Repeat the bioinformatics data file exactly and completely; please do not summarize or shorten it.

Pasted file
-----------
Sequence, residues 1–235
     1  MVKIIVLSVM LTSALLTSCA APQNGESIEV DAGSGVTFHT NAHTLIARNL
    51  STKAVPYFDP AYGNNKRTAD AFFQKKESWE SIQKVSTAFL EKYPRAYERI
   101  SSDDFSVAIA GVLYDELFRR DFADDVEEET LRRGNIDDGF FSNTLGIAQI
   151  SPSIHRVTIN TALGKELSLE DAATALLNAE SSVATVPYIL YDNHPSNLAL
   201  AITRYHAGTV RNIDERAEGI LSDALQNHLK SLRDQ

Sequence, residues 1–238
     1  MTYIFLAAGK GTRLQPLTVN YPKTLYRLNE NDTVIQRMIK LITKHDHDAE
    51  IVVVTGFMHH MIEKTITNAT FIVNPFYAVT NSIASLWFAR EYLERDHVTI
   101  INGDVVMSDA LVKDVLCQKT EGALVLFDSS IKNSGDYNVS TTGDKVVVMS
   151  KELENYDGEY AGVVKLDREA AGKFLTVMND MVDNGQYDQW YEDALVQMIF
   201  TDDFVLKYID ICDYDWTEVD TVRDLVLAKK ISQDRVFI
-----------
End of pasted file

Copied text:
Sequence, residues 1–235
     1  MVKIIVLSVM LTSALLTSCA APQNGESIEV DAGSGVTFHT NAHTLIARNL
    51  STKAVPYFDP AYGNNKRTAD AFFQKKESWE SIQKVSTAFL EKYPRAYERI
   101  SSDDFSVAIA GVLYDELFRR DFADDVEEET LRRGNIDDGF FSNTLGIAQI
   151  SPSIHRVTIN TALGKELSLE DAATALLNAE SSVATVPYIL YDNHPSNLAL
   201  AITRYHAGTV RNIDERAEGI LSDALQNHLK SLRDQ

Sequence, residues 1–238
     1  MTYIFLAAGK GTRLQPLTVN YPKTLYRLNE NDTVIQRMIK LITKHDHDAE
    51  IVVVTGFMHH MIEKTITNAT FIVNPFYAVT NSIASLWFAR EYLERDHVTI
   101  INGDVVMSDA LVKDVLCQKT EGALVLFDSS IKNSGDYNVS TTGDKVVVMS
   151  KELENYDGEY AGVVKLDREA AGKFLTVMND MVDNGQYDQW YEDALVQMIF
   201  TDDFVLKYID ICDYDWTEVD TVRDLVLAKK ISQDRVFI